Fort Augustus to Invermoriston – 8 miles
We ate a hearty breakfast and then packed our dry waterproofs away as the weather had improved considerably.
We bade farewell to our host and set off to buy packed lunches from the local store.
On our way we took a slight detour as the “Pride of the Glen”, a huge boat, was working its way through the lock.
Whilst the vessel was in the lock no other boat could use it at the same time as it took up all the space. We watched a while then set off to buy lunch.
Today was going to be our first steep hill walking in the forest. As we found the trail it was a climb straight away up to the point where it divides into the upper trail and lower trail. We took the higher trail as the weather was clear so we would have good views over Loch Ness. Into the forest we went,
taking it steady as it hadn’t been long since breakfast, until we got to a point where we had our first sight of Loch Ness from above. Looking down to the shore line we could see the loch’s only island – actually an Iron Age man made structure known as a crannog – renamed Cherry Island by Oliver Cromwell.
As we climbed we eventually got above the tree line, now heading to an even higher part of the walk. Near the top, looking back
along the Lochs, in the distance you could see Loch Oich and, just about, Loch Lochy.
We set off following the path overlooking Loch Ness;
what an impressive view of this extremely long loch with its scenic beauty.
We arrived at a curved wall that can only be described as a shelter to give protection from the elements and decided to stop for a break. As we had just walked up the steepest section of the path, we were amazed to see cyclists, some riding their bikes up, some pushing.
Now replenished we set off along the path until we reached the summit, then it was a long and sometimes steep descent into the enclosed forest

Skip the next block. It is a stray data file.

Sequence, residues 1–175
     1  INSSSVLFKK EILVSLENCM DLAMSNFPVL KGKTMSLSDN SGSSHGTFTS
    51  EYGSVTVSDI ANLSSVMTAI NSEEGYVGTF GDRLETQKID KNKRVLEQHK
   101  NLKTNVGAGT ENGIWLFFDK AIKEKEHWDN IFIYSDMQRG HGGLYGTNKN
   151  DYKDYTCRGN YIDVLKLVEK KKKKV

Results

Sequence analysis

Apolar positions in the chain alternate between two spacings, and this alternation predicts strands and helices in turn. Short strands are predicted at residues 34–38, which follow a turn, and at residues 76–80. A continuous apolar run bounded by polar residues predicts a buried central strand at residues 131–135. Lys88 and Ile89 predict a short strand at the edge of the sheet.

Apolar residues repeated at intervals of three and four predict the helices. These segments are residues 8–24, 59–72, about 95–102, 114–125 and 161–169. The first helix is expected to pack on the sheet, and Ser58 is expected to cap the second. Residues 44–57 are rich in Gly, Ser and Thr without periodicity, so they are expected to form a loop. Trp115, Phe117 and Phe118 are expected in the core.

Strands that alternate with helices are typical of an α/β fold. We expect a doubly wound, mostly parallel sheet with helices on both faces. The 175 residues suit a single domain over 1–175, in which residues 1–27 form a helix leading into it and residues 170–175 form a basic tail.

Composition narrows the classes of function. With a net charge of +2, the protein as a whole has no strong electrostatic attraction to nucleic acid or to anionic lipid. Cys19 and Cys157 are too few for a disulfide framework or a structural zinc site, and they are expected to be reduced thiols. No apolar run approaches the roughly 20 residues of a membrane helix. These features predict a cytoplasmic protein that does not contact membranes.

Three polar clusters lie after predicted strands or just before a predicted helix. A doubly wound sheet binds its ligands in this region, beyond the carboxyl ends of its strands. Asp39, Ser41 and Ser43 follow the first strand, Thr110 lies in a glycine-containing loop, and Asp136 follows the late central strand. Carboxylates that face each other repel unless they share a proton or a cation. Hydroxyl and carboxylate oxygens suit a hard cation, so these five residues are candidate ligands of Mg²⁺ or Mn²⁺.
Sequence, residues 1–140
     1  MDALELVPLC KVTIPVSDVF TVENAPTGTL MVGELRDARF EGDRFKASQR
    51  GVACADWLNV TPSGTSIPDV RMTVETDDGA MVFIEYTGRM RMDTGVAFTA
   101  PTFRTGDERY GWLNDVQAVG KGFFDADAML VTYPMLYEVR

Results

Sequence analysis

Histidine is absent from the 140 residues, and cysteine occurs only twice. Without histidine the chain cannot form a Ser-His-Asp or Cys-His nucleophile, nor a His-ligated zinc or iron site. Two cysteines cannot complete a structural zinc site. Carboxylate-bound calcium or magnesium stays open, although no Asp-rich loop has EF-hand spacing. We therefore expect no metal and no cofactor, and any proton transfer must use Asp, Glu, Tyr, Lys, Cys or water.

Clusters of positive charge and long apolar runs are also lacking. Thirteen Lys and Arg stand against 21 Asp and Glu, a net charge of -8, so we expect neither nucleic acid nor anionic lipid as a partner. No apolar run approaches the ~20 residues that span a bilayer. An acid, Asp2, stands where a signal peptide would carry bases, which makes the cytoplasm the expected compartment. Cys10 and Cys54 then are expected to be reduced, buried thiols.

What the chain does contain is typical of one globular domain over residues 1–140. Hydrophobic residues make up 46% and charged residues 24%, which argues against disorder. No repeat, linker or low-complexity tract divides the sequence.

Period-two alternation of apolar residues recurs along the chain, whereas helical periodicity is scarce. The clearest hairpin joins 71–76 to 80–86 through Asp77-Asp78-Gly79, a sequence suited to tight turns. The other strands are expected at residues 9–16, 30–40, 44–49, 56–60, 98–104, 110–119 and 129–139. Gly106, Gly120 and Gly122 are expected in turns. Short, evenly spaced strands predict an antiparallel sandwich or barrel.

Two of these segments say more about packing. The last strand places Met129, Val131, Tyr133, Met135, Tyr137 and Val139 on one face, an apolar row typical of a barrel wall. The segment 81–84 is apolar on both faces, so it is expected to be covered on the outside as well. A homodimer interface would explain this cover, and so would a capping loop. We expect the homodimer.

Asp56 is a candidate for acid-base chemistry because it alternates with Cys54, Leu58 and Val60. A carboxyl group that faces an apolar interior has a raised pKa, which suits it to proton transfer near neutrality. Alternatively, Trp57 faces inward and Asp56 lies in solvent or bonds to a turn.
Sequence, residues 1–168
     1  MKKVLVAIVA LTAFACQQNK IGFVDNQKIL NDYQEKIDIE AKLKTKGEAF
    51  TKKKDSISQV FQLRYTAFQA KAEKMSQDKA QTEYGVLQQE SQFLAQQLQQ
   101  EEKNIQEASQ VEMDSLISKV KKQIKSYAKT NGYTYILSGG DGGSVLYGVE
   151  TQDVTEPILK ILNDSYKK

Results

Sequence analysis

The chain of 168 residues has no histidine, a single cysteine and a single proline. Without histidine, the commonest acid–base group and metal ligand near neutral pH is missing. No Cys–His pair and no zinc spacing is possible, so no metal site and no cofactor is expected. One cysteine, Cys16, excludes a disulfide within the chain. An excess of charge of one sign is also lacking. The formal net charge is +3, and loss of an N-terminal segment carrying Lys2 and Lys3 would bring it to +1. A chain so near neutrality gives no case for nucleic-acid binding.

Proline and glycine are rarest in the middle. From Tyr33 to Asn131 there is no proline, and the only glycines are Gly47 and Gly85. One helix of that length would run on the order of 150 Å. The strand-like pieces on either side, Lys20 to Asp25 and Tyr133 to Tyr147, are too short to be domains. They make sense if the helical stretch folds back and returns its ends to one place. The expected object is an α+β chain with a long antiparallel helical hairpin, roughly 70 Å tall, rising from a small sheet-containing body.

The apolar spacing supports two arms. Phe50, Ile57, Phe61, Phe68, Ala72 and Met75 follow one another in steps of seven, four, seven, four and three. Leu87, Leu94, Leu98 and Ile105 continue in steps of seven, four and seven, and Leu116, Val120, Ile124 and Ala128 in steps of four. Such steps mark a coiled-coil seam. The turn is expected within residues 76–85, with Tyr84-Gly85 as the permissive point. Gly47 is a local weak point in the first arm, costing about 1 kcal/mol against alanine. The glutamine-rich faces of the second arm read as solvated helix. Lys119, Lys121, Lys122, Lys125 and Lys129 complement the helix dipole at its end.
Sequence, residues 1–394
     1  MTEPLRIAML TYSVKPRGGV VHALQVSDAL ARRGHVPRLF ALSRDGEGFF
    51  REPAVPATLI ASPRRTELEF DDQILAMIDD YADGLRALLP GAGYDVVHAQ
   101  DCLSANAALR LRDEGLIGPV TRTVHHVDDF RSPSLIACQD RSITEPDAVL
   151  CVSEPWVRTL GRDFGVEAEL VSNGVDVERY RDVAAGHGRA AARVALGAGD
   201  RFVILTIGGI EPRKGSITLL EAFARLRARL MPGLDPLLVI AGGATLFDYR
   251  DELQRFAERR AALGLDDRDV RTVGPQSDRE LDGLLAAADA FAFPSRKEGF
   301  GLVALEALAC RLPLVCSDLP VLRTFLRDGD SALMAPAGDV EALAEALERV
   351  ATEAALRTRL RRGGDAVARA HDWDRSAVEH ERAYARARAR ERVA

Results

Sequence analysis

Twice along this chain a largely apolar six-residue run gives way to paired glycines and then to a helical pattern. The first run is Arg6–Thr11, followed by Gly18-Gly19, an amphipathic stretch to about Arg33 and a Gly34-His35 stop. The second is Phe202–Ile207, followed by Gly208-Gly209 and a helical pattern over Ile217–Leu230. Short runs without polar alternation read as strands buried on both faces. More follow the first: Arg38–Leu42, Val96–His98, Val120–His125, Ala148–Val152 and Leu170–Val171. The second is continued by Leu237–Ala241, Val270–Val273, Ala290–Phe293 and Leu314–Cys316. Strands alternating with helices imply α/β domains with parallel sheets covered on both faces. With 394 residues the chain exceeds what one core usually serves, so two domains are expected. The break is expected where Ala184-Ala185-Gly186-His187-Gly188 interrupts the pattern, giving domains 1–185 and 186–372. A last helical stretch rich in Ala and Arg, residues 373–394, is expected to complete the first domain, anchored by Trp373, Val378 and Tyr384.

to Invermoriston to join the lower path. We eventually arrived at the outskirts of Invermoriston where we rejoined the A82 alongside an old drovers’ road bridge built by Thomas Telford in 1813. The bridge was restored many times, but due to flood damage in 1951, it was replaced by a modern bridge in 1954 and here you can still see the older bridge
with its cascading waters.
We had a look around and took the obligatory photos before arriving in the village. Once again we had arrived too early but found that our B&B was right next to the Glenmoriston Arms Hotel. (How lucky were we?)
Off we went to find the sign posted café. On the way we found the start of the following day’s walk and a little further on was the Glen Rowan café, not too far from the B&B.
As we entered, there, having a snack was the Icelandic girl so we chattered about her progress before sitting down for a refreshing cup of tea and a scone.
It was now time to book in at Barcarina House and as we arrived there were others waiting to go inside. We met our host, Robert, who asked us to leave our boots and any wet gear in the drying room where we also would find a pair of crocs each to wear around the house. We noticed our cases were in the garage, so once we had changed into the comfy crocs we took our cases into the house where we were
shown to our rooms. It wasn’t long before we had showered and changed, then sent the daily text home before heading to the Glenmoriston Arms for a meal.
Whilst having a drink we asked for a table as we wanted to dine. It wasn’t long before we were enjoying a delicious meal and one last drink before heading back to our B&B for the night.